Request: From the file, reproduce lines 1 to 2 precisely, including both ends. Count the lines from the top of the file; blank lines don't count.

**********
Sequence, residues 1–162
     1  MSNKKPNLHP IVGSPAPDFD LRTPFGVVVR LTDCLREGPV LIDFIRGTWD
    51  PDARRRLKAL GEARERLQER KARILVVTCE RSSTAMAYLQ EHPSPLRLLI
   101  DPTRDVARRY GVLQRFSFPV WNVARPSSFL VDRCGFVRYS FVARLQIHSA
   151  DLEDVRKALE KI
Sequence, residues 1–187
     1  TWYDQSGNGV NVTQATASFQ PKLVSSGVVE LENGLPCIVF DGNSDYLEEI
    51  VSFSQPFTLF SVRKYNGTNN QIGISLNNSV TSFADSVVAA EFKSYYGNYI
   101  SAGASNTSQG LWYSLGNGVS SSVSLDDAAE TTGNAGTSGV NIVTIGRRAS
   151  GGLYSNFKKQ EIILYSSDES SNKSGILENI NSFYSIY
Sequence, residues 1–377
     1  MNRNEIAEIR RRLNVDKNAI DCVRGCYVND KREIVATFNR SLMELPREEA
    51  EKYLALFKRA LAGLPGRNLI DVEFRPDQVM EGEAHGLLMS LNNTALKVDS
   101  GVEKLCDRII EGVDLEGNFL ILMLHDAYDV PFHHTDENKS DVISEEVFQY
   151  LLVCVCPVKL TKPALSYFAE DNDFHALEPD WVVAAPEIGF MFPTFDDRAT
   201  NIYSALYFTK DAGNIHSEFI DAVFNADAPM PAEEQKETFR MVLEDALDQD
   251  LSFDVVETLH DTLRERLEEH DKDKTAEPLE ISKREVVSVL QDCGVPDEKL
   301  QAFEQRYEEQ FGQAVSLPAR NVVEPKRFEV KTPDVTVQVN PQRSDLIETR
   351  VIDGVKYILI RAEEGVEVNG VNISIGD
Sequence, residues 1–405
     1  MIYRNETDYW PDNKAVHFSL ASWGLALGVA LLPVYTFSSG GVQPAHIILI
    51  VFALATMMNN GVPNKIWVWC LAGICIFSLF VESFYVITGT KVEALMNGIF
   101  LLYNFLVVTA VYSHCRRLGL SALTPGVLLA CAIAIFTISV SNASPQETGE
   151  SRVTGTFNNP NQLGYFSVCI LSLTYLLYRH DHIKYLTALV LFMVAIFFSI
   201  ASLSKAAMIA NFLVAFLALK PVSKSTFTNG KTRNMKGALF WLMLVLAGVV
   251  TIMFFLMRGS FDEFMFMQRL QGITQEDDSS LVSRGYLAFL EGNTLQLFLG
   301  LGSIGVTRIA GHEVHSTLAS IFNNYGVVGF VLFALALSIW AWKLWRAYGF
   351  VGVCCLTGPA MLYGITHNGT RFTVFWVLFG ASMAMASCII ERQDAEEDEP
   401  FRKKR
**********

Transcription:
Sequence, residues 1–162
     1  MSNKKPNLHP IVGSPAPDFD LRTPFGVVVR LTDCLREGPV LIDFIRGTWD